The Asus ROG Claymore grabbed plenty of headlines when it first launched as it was one of the most expensive gaming keyboards ever. A few months later and it’s still demanding a hefty £200 in the UK and $250 in the US. So, can it possibly deliver enough goodies to justify that price? Well, it’s closer than you might think.
For a start, there’s the build quality of this thing. While the base is plastic the top plate is a thick slab of aluminium that looks and feels reassuringly expensive. I also prefer the smooth painted finish used here to the brushed aluminium of Corsair’s keyboards. It feels nicer and is easier to clean.
Asus ROG Claymore video review
I’m also a fan of the overall design. Asus can go a little overboard with its ROG products but the Claymore manages to find a good balance. It’s edgy without being garish.
Like Corsair, Asus has gone for a design that has the keyswitches stand proud of the base, rather than sit slightly set into it. Which design you prefer is personal preference but I find the sunken style ones a little more practical as the keycaps are protected, plus the surround helps to contain the backlighting of the keys, making it look tidier. Here, the lighting just spills out everywhere.
Otherwise, the backlighting ticks all the right boxes. All the keys and the ROG logo on the front are fully programmable, so you can create all manner of wild and wonderful lighting schemes.
The switches themselves are proper Cherry MX ones and you can choose from the usual Black, Blue, Brown or Red options, although availability may depend on where you are in the world.
Being Cherry MX the typing experience is as excellent as ever, plus you get the ability to swap the keycaps. Keyboards that use their own mechanical switches often don’t have this option.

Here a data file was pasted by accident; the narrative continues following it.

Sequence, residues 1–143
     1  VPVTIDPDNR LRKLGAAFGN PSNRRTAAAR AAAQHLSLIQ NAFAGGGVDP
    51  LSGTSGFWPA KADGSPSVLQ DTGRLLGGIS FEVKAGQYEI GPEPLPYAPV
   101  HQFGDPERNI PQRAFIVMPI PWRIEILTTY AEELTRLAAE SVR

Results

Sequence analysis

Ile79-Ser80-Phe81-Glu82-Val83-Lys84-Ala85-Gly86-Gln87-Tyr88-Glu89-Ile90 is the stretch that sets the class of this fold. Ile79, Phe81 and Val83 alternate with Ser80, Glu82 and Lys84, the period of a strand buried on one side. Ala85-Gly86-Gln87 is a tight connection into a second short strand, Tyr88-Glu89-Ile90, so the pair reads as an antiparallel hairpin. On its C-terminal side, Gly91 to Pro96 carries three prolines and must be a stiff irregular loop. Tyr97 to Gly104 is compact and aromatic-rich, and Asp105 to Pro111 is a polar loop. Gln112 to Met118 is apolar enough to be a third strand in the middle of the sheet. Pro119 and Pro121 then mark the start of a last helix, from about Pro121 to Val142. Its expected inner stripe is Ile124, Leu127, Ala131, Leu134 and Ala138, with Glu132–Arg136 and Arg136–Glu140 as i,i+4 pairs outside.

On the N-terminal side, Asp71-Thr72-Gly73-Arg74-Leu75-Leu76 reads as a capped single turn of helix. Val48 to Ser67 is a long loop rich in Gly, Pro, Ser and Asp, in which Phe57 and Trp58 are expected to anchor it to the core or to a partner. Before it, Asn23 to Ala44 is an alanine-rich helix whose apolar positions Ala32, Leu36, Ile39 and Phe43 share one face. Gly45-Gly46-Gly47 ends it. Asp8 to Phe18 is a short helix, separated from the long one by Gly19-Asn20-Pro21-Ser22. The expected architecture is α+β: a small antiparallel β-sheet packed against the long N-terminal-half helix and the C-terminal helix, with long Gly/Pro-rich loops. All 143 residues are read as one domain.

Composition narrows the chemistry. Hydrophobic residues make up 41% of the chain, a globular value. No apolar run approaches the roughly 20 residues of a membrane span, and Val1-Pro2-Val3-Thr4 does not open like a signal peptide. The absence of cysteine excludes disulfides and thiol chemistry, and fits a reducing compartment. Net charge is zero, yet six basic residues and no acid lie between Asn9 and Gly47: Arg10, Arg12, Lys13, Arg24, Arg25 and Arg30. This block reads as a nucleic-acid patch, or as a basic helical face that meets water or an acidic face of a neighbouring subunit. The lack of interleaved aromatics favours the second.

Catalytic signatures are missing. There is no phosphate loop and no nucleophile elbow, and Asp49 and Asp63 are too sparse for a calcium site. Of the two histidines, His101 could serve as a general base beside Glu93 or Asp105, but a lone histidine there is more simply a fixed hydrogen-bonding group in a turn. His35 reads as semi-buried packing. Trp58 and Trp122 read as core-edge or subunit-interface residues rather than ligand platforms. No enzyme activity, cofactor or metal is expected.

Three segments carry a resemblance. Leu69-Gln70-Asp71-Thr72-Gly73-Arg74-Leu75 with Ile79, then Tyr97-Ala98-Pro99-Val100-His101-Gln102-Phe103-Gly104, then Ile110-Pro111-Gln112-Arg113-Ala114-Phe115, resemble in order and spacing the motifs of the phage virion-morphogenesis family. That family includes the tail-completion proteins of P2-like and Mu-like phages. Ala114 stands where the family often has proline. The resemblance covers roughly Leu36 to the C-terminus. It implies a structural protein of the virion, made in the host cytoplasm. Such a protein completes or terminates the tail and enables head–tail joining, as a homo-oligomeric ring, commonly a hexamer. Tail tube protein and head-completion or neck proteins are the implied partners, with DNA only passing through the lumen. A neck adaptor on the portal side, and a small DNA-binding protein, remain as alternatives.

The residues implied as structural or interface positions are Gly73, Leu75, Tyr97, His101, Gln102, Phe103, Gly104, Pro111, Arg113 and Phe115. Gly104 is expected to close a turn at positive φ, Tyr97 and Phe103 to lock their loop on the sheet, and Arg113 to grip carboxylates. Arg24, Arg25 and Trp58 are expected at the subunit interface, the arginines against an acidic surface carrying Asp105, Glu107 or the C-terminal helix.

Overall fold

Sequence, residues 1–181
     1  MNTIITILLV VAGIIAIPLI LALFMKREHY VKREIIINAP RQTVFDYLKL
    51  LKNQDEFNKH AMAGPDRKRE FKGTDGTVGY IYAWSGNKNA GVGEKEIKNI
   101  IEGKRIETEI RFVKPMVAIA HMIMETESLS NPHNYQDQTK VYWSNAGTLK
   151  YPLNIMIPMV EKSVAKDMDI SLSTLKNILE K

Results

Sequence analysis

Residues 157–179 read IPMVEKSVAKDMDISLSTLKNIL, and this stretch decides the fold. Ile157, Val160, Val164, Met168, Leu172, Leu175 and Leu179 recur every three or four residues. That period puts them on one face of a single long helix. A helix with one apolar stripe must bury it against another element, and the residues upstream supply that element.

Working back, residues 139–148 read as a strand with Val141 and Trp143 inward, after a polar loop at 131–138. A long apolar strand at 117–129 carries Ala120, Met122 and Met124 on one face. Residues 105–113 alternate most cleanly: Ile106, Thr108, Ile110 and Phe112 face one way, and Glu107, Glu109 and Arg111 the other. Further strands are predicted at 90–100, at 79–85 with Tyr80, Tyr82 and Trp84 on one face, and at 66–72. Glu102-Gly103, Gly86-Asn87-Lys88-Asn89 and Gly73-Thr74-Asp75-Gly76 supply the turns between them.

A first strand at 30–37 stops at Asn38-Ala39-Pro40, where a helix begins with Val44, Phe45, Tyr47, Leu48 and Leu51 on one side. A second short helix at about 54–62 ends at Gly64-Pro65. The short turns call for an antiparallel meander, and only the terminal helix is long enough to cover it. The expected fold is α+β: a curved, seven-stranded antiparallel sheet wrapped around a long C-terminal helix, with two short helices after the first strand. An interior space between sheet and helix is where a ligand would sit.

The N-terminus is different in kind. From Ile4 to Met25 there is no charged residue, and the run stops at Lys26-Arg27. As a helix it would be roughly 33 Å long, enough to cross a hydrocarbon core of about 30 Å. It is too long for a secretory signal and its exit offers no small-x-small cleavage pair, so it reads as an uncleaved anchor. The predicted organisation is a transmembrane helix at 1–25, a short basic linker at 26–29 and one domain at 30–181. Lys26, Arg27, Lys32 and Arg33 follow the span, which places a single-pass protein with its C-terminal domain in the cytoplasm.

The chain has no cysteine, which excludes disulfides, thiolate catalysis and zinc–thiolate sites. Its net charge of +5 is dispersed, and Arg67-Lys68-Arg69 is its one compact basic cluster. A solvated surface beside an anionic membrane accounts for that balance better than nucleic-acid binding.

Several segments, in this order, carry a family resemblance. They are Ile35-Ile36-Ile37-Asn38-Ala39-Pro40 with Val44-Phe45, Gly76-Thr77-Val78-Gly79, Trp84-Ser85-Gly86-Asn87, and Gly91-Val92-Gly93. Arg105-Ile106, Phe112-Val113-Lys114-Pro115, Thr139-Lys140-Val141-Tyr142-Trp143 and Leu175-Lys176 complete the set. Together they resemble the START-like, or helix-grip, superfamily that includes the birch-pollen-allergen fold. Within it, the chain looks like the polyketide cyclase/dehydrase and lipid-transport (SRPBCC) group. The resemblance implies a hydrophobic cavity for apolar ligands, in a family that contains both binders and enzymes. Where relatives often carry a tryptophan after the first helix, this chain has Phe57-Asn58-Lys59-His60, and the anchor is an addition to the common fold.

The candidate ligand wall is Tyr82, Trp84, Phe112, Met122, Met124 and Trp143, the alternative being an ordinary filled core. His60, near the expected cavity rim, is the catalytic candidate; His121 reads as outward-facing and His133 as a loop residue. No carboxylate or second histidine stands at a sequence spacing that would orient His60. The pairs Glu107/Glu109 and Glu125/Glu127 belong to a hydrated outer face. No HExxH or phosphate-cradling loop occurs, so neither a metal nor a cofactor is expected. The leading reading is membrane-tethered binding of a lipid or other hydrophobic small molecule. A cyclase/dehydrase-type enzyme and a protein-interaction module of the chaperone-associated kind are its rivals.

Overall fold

In terms of key layout, it’s fine but you don’t get any extras, which in many ways is the main disappointment with this keyboard. Considering its price you’d hope to get at least a handful of extra keys or multimedia buttons, but the only extra you get is an admittedly satisfyingly chunky volume wheel, so at least that’s something. All other extra functions are left to secondary actions, which are activated by the function key that sits in place of the right-hand Windows key.
You also miss out on a USB pass-through, though the cable is a removable microUSB one, so you should have minimal hassles if you break the original cable.
So far, then, the ROG Claymore hasn’t exactly overwhelmed. It looks nice and is well built, but that’s not enough to justify £200.
No, that’s where this keyboard’s party trick comes in.
You see, the numpad is removable and can be attached to either side of the keyboard.
This opens up a range of possible uses. Remove it and it simply makes the keyboard more portable. Meanwhile, left-handed users may prefer having the numpad on the left and right-handed users, can use a normal configuration for typing but then swap the numpad over or remove it altogether for gaming. This gives more room for your mouse and makes for a slightly more comfortable angle for your arms too. Plus, having the numpad on the left means you can use it for gaming macros. Although, you would only really have easy access to two buttons.
Nonetheless, I definitely found the versatility of this keyboard to be very useful.
The attachment mechanism is also sturdy and seems like it should hold up to plenty of use, though it would be nice to have some sort of lock on the bottom that securely attaches the two halves.
Meanwhile, for those that don’t see the appeal of the numpad at all, you can also buy the Claymore in a tenkeyless design and it comes with rubber covers for the connections to stop them getting damaged and dirty.
Overall, then, it would be a stretch to say the ROG Claymore fully feels like it justifies its high price. A couple of extra keys or a USB pass-through would’ve sweetened the deal considerably. But there’s definitely enough to its modular numpad design that for some users it’ll feel worth every penny to pay the premium.